Five Golden Rules to Recover Fast after Workouts

A half marathon (13.1 miles) and a marathon (26.2 miles) runner’s workouts tend to be long and hard. For that reason, it is important to work on a quick recovery.

Recovery after training is vital to assimilate the effects of the training,  be ready for a next training and, especially, to avoid injuries.

For that reason, what you do after training is as important as (or more important than) the training itself, and that is why we will now tell you five golden rules to recover quickly after running:

1.- Consume proteins

Unfortunately, many believe that the only important thing about a runner’s nutrition is carbohydrates, but proteins are the ideal ally to repair and rebuild muscular damage.

For that reason, after hard workouts, runners should have proteins: milk, yogurt, eggs and protein shakes are some of the available options.

2.- Sleep more

Sleeping few hours has significant negative effects on recovery and performance.

The lack of sleep increases our feeling of tiredness, which can affect your desire to do physical activity and your perception of exhaustion during trainings and races.

Negative effects arise when you sleep less than 6 hours and minimize when you sleep more than 8 hours. That is why you should sleep the maximum amount possible after hard trainings. Naps are also a valid option!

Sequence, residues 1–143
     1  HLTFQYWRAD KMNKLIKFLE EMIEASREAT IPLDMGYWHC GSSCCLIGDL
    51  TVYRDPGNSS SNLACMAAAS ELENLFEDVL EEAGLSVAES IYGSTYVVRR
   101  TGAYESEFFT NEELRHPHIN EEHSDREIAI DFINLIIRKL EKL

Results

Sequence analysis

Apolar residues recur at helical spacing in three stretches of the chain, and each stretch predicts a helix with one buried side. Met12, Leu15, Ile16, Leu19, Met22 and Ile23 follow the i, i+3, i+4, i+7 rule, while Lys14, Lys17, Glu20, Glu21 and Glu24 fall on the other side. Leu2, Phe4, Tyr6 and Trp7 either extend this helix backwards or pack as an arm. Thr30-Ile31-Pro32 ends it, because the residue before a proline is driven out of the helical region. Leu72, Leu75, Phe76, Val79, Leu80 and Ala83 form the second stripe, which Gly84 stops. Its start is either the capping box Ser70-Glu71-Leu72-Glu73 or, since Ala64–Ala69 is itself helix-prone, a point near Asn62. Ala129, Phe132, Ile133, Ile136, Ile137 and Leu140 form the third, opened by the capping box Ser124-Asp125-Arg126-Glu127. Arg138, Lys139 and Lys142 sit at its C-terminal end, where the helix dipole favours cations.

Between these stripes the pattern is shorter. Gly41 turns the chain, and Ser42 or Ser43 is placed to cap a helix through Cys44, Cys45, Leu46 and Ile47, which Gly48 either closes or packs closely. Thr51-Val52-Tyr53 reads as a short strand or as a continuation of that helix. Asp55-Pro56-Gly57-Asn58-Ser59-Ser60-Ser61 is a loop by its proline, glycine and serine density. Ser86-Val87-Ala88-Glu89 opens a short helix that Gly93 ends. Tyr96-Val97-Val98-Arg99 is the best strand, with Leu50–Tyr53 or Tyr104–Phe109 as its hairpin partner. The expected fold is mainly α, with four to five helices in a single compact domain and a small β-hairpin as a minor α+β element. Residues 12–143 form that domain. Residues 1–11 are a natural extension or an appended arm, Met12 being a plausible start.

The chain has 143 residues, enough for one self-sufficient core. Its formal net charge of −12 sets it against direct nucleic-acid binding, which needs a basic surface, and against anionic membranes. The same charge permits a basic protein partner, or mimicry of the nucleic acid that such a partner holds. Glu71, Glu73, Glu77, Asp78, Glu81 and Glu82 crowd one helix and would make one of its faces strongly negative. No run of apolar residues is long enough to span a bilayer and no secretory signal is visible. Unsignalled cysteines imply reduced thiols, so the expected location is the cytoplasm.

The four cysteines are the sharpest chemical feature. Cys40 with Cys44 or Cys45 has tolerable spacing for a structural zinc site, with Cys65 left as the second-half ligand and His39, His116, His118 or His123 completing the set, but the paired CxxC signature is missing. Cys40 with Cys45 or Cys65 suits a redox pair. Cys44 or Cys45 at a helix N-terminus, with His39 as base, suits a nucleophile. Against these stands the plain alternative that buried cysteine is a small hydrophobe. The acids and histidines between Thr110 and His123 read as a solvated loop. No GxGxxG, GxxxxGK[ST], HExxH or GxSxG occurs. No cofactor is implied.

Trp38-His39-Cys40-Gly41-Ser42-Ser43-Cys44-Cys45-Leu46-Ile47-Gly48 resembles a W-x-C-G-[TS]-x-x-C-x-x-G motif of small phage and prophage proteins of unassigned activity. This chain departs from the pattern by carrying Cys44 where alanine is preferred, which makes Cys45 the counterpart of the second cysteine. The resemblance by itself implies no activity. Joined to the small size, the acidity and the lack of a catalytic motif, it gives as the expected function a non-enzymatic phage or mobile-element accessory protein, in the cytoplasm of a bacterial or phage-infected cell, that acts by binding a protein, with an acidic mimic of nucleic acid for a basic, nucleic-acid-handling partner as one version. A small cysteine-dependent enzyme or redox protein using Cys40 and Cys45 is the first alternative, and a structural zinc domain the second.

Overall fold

3.- Massages

A nice massage session after a hard workout can help you: increase your blood flow; discharge, prepare and recover your muscles, stimulate tired muscles, etc.

Even though professional massages are a highly effective alternative, many runners choose to massage themselves, a technique that we recommend to be done periodically.

Self-massages are useful to get to know your body, investigate and analyze your muscles’ state.


During hard workouts, you lose a great amount of your body liquid and, for that reason, it is essential for you to hydrate correctly after running.

The goal is not to surpass or drink non-stop. Pay attention to your body. The feeling of thirst is your body’s tool to tell you that you need additional hydration.

5.-Do not drink alcohol

Drinking alcohol (even moderately) can also affect the ability of your body to recover after the physical effort (Barnes et al).

The American College of Sports Medicine (ACSM) assures that drinking alcohol affects negatively the psychomotor abilities and performance and recommends the athletes to avoid having alcohol during at least 48 hours before a competition.

Moreover, its specialists state that the chronic abuse of alcohol is related to significant deficiencies in the cardiac and the skeletal muscles. It also slows down recovery after exercising due to the inhibition of protein synthesis.

flickr photo by ibizamediamaraton shared under a Creative Commons (PD) license